Dr.-Ing. Andreas Schmidt: The transition to renewable energies requires predictable conditions

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The order books of logistics companies are the seismographs of the economy: in­­creasing freight rates and fully-booked fleets indicate boom periods, while empty warehouses and cargo ships lying in the roads suggest a crisis situation.

The logistics sector constantly has to adapt to the changing requirements of its clients and the markets in question. One of the greatest challenges at the mo­­ment is supporting the transition to rene­­w­­­­able energies demanded by politicians. Germany’s last nuclear power plant will be taken offline in 2022. Alongside this gradual shutdown, dependency on fossil fuels is to be reduced in favour of rene­­w­­able energies. The targets named by the federal government are ambitious: the German Renewable Energies Act (EEG) and its latest amendments aim to increase the proportion of renewable ener­­gies in the power supply to 35 per cent as early as 2020.

The ports have a big role to play in achieving these goals – and not only as hubs for the offshore wind industry or for the ship­­ment and storage of biomass. They are also important for meeting demand for the fossil fuels which are still needed, such as in the import of coal, since dom­es­tic pro­­duction of hard coal is to be re­­duced to almost nothing over the next few years: in accordance with targets set by the EU Commission, German hard coal mi­ning will be shut down by 2018 at the latest.

Wind energy plants are shipped from Cuxhaven to the offshore wind parks in the North Sea.

Wind energy plants are shipped from Cuxhaven to the offshore wind parks in the North Sea.

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The political will driving the transition to renewable energies is confronting port operators and their clients in the energy sector with unusually short deadlines. While the economy in general will have to deal with the questions of security of supply and competitive energy prices over the next few years, the crucial question for ports is this: how can existing struc­­tures be renewed, converted or expanded to support the transition to renewable energies in an efficient way which covers its costs? Their geographical proximity to the wind parks in the North Sea is presenting Niedersachsen’s port loca­­tions in particular with new challenges. Further strategic links result from these ports’ role as international hubs for the shipment of coal or biomass. After all, not only Niedersachsen, but also its neighbours Schleswig-Holstein and Hamburg, already need more energy than they can produce themselves. The transition to renewable energies is forcing ports in Niedersachsen to act quickly. In Cuxhaven, for example, a fourth berth is planned as an expansion of the terminal at Cuxport, as a result of the increase in shipping. In addition, special terminals are being further improved for shipping wind energy equipment. The potential for expan­­sion (berths 5 to 7) is there. The wind energy section of the regional develop­­ment plan (RROP) is currently being revised to increase the applicable construction height limit of 100 metres.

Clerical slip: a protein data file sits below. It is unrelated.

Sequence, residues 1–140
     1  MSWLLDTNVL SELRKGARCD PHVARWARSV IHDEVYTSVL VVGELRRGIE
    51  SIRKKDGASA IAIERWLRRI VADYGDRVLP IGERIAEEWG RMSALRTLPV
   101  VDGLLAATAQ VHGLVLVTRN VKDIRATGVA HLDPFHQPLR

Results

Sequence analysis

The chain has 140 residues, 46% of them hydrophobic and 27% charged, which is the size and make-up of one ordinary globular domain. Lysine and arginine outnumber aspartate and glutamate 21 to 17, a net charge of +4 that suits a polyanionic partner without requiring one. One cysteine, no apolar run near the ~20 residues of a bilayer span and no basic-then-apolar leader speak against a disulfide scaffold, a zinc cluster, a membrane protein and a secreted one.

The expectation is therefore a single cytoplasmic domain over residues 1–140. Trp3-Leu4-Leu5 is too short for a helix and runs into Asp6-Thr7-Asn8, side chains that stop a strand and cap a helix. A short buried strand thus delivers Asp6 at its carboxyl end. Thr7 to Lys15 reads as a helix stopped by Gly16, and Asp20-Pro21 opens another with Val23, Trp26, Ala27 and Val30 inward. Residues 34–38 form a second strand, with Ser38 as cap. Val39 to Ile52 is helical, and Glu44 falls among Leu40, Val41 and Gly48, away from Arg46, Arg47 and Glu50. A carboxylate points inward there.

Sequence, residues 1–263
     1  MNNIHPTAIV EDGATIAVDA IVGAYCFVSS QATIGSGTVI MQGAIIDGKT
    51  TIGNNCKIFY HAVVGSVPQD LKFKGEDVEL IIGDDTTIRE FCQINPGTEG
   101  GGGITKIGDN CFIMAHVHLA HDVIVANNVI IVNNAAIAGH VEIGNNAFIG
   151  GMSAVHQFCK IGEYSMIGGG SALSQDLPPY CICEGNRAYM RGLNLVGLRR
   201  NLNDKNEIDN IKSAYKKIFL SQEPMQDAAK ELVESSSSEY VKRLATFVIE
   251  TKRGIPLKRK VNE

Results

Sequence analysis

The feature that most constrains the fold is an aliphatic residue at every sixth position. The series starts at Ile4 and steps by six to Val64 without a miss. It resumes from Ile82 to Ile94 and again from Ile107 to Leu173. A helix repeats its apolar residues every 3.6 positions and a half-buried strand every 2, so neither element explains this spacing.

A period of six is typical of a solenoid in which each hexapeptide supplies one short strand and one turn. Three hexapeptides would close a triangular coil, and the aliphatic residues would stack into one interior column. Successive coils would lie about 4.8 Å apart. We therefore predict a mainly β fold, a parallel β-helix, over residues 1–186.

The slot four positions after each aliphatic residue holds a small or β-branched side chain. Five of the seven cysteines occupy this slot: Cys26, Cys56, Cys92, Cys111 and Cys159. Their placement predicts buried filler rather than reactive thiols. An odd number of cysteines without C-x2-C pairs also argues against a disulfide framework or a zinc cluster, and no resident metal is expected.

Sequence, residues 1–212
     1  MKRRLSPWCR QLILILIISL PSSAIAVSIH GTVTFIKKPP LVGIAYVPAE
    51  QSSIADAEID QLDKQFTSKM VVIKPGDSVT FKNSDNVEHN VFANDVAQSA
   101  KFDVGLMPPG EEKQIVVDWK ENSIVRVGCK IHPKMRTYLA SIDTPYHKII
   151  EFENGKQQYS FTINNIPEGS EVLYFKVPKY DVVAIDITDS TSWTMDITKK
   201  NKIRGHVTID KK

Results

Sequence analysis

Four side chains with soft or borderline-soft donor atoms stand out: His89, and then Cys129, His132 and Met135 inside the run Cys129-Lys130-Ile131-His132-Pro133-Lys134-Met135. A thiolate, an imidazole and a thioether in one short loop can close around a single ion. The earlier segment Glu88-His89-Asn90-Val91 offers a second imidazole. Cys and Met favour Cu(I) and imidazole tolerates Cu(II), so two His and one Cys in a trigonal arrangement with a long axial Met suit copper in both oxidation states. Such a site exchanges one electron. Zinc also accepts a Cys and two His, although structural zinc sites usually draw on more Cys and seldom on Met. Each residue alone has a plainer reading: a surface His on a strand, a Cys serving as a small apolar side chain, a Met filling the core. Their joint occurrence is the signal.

The North Sea ports are showing great commitment to offshore logistics  in facing the challenges of the transition to alternative energies.

The North Sea ports are showing great commitment to offshore logistics in facing the challenges of the transition to alternative energies.

Coal remains an integral part of the ener­­gy mix. It is clear that a complete phase-­out of fossil fuels is not achievable in the next few years, meaning that their use will become more closely oriented on require­­ments. However, if energy sources such as coal are handicapped with regard to their profitability in competition – such as through reapportionment for green elec­­tricity – this makes it more difficult for companies active on the electricity markets to act methodically. Through the EEG reapportionment alone, 14 billion euros were added to the production costs of fossil energy in 2011, and this is set to increase. In addition, over 200 billion euros must be invested in renewable energies in Germany by 2020.

Needless to say, these development scenarios affect the ports, too. If the conditions change as unexpectedly as last year, companies will find sustainable planning all but impossible: who will invest significant funds in the costly expansion of ter­­minals, such as that carried out by Rhenus on the Niedersachsenbrücke bridge in Wilhelmshaven, if they cannot be sure that the statutory guidelines have a reason­able half-life which will allow strong eco­­nomic planning?